Graphing lines can
be accomplished by any of the following methods:
create a table of values by choosing values for
x and working out the values for y. Plot the resulting
points and join them with a straight line.
Ex. y = 2x - 1
x: -2, -1, 0, 1, 2
y: -5, -3, -1, 1, 3
plot (-2, -5), (-1, -3), (0, -1), (1, 1), and (2, 3) and join them
with a straight line.
find the x-intercept and y-intercept and join them
with a straight line
Ex. 3x + 4y = 12
x-int: 3x = 12 y-int: 4y
x = 4 y
Plot (4, 0) Plot
Now join these 2 points to get the line.
determine the slope and y-intercept of the line,
plot the y-intercept and find a second point on the line by moving
vertically and horizontally according to the rise/run of the slope.
Ex. y = 3x + 5 slope = 3
(or 3/1 in "rise over run" form), y-intercept = 5
the point (0, 5).
up 3 units and to the right 1 unit from the y-intercept. Plot a second point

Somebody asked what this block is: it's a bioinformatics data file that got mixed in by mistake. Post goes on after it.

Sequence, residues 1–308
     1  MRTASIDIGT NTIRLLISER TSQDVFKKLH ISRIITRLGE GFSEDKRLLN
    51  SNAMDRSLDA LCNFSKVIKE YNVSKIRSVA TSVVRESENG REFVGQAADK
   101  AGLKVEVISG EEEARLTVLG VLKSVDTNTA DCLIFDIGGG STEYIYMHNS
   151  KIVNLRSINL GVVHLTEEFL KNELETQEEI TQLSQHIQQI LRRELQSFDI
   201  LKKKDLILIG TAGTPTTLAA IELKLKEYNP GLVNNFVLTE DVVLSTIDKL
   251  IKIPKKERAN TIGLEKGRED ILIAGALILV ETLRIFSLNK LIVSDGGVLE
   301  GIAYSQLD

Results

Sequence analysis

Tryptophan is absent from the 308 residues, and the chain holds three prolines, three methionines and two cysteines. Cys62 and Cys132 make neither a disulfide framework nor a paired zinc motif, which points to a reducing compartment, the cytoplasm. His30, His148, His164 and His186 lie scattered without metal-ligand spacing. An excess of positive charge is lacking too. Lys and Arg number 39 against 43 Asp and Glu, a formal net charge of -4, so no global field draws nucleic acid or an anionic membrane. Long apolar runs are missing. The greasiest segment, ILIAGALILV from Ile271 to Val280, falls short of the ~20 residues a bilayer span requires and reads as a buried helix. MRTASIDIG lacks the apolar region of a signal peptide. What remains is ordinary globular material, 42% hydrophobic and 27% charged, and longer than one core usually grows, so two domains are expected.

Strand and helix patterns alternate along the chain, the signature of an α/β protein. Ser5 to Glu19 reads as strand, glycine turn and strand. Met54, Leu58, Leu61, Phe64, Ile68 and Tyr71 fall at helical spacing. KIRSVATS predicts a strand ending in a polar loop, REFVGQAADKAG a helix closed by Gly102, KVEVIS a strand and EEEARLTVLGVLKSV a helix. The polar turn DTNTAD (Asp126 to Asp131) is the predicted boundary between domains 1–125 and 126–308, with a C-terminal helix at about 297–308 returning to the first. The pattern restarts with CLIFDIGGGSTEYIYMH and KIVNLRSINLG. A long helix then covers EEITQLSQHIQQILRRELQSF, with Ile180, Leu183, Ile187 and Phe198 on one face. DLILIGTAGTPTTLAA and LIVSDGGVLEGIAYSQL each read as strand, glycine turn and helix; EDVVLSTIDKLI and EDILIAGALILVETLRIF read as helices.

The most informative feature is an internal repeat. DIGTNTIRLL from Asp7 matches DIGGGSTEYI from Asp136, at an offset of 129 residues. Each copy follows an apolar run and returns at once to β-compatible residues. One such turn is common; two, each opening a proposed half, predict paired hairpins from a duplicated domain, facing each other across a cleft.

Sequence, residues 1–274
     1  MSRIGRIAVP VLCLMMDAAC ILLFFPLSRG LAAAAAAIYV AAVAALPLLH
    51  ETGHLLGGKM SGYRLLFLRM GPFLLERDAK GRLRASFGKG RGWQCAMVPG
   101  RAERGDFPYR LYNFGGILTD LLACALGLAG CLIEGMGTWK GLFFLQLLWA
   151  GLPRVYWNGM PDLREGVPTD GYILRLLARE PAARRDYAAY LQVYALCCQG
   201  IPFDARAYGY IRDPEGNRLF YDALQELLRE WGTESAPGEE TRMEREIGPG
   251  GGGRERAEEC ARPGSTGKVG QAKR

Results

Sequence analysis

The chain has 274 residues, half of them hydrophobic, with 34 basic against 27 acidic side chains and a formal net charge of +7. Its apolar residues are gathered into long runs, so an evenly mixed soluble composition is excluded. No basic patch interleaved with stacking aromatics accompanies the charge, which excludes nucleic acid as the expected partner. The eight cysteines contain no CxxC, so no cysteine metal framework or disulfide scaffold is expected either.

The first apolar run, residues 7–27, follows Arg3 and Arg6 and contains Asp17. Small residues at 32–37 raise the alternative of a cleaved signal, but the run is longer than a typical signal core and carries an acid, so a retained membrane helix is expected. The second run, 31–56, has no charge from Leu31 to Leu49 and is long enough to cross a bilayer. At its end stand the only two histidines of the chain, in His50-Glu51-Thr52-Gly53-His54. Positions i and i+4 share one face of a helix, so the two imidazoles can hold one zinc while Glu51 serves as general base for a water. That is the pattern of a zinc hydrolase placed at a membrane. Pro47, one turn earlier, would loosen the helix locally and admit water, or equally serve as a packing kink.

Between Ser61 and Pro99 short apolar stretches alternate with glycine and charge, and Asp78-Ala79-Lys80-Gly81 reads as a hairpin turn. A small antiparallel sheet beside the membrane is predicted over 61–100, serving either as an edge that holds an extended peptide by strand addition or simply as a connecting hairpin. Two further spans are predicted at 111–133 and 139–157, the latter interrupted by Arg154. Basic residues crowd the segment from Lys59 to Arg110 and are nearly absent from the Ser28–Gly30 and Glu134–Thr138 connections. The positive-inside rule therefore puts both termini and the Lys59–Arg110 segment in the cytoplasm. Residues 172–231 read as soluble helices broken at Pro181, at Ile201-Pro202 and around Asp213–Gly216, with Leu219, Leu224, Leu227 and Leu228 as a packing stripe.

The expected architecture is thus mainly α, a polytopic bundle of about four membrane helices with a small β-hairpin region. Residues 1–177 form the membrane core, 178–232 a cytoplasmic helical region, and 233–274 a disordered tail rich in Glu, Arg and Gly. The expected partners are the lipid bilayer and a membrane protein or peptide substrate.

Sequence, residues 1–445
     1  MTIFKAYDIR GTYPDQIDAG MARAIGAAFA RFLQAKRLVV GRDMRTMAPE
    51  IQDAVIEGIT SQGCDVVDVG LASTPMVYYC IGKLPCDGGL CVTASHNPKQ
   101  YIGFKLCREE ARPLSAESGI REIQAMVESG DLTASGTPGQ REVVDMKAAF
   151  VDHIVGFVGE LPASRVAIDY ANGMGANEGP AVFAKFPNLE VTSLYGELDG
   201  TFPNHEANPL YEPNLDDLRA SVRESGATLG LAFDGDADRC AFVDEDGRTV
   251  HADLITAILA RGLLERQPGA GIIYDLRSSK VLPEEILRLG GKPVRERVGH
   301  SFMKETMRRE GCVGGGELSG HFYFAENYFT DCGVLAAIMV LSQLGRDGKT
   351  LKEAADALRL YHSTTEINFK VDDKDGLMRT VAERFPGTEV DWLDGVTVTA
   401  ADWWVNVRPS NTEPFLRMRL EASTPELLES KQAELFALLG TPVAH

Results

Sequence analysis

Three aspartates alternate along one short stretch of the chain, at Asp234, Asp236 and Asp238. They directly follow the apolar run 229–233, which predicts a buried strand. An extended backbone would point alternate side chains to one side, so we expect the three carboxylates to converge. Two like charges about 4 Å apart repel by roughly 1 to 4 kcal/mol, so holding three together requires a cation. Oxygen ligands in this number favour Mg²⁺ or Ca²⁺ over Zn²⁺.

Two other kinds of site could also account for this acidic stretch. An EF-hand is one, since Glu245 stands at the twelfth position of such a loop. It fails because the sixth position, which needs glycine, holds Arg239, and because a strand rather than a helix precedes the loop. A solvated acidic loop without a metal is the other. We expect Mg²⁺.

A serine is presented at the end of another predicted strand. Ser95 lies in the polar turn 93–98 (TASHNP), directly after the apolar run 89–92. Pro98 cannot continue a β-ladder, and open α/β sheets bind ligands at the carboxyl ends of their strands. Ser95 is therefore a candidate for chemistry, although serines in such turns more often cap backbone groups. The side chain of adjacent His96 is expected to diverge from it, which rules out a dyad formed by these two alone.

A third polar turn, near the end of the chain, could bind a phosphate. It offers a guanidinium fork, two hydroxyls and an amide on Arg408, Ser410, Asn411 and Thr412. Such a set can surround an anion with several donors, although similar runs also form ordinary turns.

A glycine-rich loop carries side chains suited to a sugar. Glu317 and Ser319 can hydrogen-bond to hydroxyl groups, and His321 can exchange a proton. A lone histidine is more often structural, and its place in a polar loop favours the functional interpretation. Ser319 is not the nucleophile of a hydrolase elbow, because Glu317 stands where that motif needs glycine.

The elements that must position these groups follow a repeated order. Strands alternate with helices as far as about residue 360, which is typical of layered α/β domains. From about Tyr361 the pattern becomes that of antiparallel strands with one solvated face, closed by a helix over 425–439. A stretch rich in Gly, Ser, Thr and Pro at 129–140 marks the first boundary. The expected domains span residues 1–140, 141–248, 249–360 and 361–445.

join these two points to get the line.
To graph a linear inequality, follow the following steps:
Replace the inequality sign with an equal sign and
graph the resulting line.
- If the inequality is a greater than (>) or
a less than (<) you will graph the line as a dotted line.
- If the inequality includes "or equal to" as
in "greater than or equal to", you graph the line as
a solid line.
Choose a point on one side of the line (not on the
line!) and substitute the coordinates into the inequality
you started with.
- If you get a true mathematical statement
(like 4<9), then you want to shade the side of the line that
contains the point you used to do the test.
- If you get a false mathematical statement (like
0>3), then you want to shade the side of the line that does
not contain the point you used to do the test.
Hope this helps,